Taking the Muzzle Off: WAM Theatre Invites Change Makers
By Nichole Dupont
No matter where we are in the world, the rapid-fire barrage of social media and hard news headlines finds us: Child marriage in Jordan, school girls kidnapped in Nigeria, U.S. women among nation’s poorest, no public laughter in Turkey. The stories range from horrifying to ridiculous, yet the subject (or, I should say, the object) always lands squarely on the “fairer sex.” It’s hard not to feel a solid lump of hopelessness knowing what faces women and girls across the globe, every moment of every day.
“But there are women who are standing forward, and good men who are standing forward and good things are being manifested through the energy of women,” says actor and activist Jayne Atkinson. She is talking via cellphone from the Baltimore set of House of Cards—which is packed with strong female leads—where she is in the thick of shooting the series’ third season. “Put in the hands of women, look at the amazing changes we have seen in our world.”
Atkinson is a strong supporter and advocate for the Berkshire-based WAM (Women’s Action Movement) Theatre, which is celebrating its fifth anniversary with Change Makers, a high-profile panel discussion to be held on August 24 at the Mahaiwe Performing Arts Center. The event will be hosted by Marsha Norman and Sarah LaDuke and panelists include author/actor Jessica Blank, award-winning playwright Winter Miller, veteran photographer John Stanmeyer and Academy Award-winning (Berkshire-based) documentarian Cynthia Wade [above]. The panel discussion will address some of greatest challenges facing women (and men) in the world. Proceeds from the event will benefit WAM’s fall production of In Darfur, written by Miller, who was inspired by what she saw as a researcher for The New York Times columnist Nicholas Kristof at the start of the genocide in Darfur in 2004.
“I’m not capable of unseeing things,” says Miller [right] about the heavy content of most of her plays. “I try to figure out ‘how can I share what I’ve seen with people who may not have seen it.’ I have this goal of inciting curiosity; what they know versus what they think they know about a situation.”
Miller has written several plays (both commissioned and personal) about high-profile situations that we think we know about including the Trayvon Martin case, the Steubenville rape, gun control and sexual identity just to rattle off a few. And yet, no matter how many full-length productions or one-act workshops she writes, Miller still remains somewhat stupefied.
“It’s perplexing to me,” she says. “How is it that gay rights has rocketed ahead of women’s rights? Things have not panned out the way many people thought it would. Yes, there is sheer outrage and the desire to shout ‘everybody wake up!’”
Inciting action has been WAM’s purpose all along according to artistic director Kristen van Ginhoven, who says that at first “the whole endeavor felt like a gamble.”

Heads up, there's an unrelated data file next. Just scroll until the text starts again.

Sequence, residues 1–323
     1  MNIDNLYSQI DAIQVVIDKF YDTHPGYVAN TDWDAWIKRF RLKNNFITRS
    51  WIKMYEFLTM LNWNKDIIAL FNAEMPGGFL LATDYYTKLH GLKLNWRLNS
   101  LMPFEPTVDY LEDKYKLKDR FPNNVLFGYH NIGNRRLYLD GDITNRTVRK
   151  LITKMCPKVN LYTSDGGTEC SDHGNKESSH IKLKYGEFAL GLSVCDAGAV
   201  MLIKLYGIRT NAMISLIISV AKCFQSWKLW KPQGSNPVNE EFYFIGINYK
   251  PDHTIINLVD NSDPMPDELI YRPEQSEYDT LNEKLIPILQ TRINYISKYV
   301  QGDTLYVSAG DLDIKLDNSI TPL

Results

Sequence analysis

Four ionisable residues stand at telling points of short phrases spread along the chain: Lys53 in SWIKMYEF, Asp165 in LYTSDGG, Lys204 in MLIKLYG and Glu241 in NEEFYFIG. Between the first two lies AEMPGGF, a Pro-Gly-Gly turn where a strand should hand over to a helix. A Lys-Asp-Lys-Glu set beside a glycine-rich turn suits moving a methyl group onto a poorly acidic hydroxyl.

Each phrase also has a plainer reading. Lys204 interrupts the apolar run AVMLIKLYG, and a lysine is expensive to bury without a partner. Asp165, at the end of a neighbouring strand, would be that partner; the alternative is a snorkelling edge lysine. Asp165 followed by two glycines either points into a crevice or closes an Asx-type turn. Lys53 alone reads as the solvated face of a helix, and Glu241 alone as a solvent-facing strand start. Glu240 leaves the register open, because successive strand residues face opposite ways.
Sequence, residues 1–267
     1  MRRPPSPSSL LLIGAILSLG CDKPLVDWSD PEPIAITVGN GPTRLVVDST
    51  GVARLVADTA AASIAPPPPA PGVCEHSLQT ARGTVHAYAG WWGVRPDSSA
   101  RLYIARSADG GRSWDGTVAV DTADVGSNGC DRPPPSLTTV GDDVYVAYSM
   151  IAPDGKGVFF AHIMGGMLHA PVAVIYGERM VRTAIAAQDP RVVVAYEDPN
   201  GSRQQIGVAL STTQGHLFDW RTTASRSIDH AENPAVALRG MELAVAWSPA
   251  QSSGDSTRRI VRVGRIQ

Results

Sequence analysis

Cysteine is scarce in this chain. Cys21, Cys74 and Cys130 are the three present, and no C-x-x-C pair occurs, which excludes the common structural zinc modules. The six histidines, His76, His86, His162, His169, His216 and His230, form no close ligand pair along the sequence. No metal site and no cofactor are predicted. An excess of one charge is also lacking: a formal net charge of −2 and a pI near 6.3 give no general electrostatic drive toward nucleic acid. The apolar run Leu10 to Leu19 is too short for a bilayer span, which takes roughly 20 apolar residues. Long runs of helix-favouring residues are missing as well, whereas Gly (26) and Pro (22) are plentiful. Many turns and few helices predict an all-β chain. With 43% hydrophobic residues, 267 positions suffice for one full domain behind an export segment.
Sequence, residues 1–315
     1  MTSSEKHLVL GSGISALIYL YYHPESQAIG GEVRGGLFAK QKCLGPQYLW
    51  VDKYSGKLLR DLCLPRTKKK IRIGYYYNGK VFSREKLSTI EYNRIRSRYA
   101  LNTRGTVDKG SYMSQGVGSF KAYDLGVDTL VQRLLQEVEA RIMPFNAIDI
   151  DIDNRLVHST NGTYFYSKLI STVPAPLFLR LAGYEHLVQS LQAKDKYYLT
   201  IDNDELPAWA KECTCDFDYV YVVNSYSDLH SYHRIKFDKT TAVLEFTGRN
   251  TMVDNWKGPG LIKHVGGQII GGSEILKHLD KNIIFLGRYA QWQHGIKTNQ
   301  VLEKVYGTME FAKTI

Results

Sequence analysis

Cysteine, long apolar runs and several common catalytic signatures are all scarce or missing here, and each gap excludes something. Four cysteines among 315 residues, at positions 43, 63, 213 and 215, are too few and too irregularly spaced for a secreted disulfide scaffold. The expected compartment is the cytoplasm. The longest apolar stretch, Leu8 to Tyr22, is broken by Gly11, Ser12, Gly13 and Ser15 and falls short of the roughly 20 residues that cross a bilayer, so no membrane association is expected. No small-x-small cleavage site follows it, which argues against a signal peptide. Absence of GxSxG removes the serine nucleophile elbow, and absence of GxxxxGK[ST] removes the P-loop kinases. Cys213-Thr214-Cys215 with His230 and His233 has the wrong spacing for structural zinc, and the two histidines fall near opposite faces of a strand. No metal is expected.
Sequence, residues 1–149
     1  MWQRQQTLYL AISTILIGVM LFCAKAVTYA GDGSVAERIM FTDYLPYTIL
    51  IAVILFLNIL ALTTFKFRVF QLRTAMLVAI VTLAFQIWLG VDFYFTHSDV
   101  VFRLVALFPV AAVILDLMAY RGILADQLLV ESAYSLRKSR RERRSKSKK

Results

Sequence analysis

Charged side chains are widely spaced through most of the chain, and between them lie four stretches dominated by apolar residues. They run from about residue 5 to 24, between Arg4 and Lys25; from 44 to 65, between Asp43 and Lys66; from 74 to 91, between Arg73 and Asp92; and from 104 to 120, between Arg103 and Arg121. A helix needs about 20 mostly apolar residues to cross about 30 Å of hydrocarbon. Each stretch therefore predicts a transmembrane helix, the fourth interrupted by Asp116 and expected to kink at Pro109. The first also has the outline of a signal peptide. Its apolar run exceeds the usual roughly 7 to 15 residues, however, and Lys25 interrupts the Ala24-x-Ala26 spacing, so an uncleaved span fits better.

“It’s so hard to raise the funds simply to produce an event, and then also we were going to donate funds? We really had no idea if it would work, and I often say it’s because we’re based in the Berkshires that it has worked. And it’s only through lots of hard work, incredible mentors, tons of support and many accomplishments that now I feel so much more comfortable in my role as ‘artistic director.’ I feel proud going into meetings to ask for support because I know WAM is a good investment.”
Certainly good enough to draw an eclectic panel of passionate champions for humanity who, as van Ginhoven puts it “all…desire to use our art for action. More specifically, to use our art to create positive change around social justice issues.”
John Stanmeyer [left, photo by Rob Becker] sees women’s issues (though he is hesitant to call them that) through an entirely (literally) different lens. Having travelled across the globe to destinations which are typically viewed as especially hostile towards women, including parts of Africa, East Asia, India and the Middle East.
“I completely ‘get’ how males get to dominate borders and cultures. And I completely understand the weight and measure [of the movement] to empower women,” he says. “But I don’t believe in gender differences. It’s the weakness of humans, what we’ve done to humanity, that’s caused this inequality. Education is paramount. We do need to support greater empowerment for women in developing countries, and in our own country.”
He pauses, shaking his head. We are sitting in his photo gallery/café in West Stockbridge, MA. Just outside the window, his daughter, dressed in bright purple and orange, is fishing in the Williams River with her two older brothers.
“I can’t even fathom the notion that some bozo in a room would actually consider not paying someone fairly because they’re female. It blows my mind,” he says. “I just want human beings to function in their greatest and most prolific way and be driven by brilliance.”